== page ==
h.jones
Posts:
32
From:
uk
Registered:
2/21/08


Re: Einstein's factor of 2 in starlight deflection
Posted:
Sep 3, 2011 1:47 PM


On Aug 23, 12:21 pm, "H.Jones" <h.jone...@googlemail.com> wrote: > To obtain g at Planck time we merely divide our current SI G by the > Planck frequency squared which is the same thing as multiplying G by > Planck time squared. (6.6712139x10^11)/ > (3.7007618x10^42)^2=4.87105x10^96. > {(4.87105x10^96)x(2x10^30kg)}/(2.9690906x10^3m)^2=1.1051104x10^72m, > g at one Planck time unit per time unit. > Incidentally, if you take a look at this Planck G, 4.87105x10^96, > divide by the Sun's Compton wavelength, 1.1051104x10^72, you wind up > with the reciprocal of 2.2687315x10^23 which is the frequency of the > Compton wavelength of the proton.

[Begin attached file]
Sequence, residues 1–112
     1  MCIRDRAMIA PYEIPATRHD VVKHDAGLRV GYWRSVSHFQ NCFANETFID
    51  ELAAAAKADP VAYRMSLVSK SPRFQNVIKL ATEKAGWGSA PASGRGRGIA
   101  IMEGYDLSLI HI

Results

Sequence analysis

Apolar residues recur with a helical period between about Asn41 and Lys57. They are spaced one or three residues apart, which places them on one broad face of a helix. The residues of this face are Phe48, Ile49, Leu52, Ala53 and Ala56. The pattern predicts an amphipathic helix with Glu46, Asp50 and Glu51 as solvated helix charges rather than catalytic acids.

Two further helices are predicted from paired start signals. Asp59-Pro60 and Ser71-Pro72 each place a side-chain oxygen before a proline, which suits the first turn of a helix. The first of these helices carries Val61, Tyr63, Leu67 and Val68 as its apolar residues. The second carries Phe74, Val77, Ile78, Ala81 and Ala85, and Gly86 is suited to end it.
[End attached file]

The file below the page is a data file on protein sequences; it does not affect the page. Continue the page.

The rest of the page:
The interesting thing about the Sun/proton mass content of the G/ Planck frequency squared situation is what does it mean and where does it lead to? Central to the basic principle is C/G. C because the area under discussion concerns the kilogram/second and G because we need to find it. All magnitudes of mass have a Schwarzshild diameter and a Compton wavelength. They mirror one another because they are equidistant, differentially, from the Planck length; one is bigger than the Planck length and the other is smaller. In this situation these magnitudes of mass have a twin where the situations are reversed, the Schwarzschild diameter is equal to the other's Compton wavelength and vice versa. The opposite to the kilogram, for instance, is the planck mass squared. The opposite of the mass represented by G/ C is h/4 or 1.65651887x10^34kg, and so on. If we divide 2x10^30kg by 1.672623x10^27kg, the Sun and proton masses, we arrive at 1.1957267x10^57. We can arrive at a fairly accurate assessment of the radius by dividing this figure by (c^2)/h, the frequency of the kilogram's Compton wavelength, which provides us with (2.9690906x10^3m)^2. So. 2.9690906x10^3m can be considered a fairly reliable approximation of the Schwarzschild radius of a mass, 2x10^30kg. Now, the radius of our own kg/second system is, obviously, C/2, therefore, the analogue of 1.1957267x10 ^57 is [(C/2)^2][c^2/ h]=3.047659486x10^66 which is equal to 1.0097113x10^35kg, the current approximation of the kilogram/second timescale mass, divided by 3.313071538x10^32kg, which is, in this context, the analogue of the proton mass. If we travel on a little further, somewhat higher than our own kilogram/second time scale mass, until we reach an analogue to the proton mass of h/4, 1.65651887x10^34kg, we get a timescale mass of 2x1.009721668x10^37kg. This is represented by the ratio 1.672623x10^27, the proton mass, over h/4, which equals 1.00972167x10^7. Multiply this by the Sun's mass and we arrive at the figure above. We know that the proton's Compton wavelength is 1.32141x10^15m. We know that (C/2)/2.9690906x10^3m=5.048556x10^4. 1.32141x10^15x5.048556x10^4=6.6712139x10^11, or G. Or else, the Compton wavelength of the proton's kilogram/second time scale's mass analogue, 3.31307153x10^32kg, is also equal to G or 6.6712139x10^11.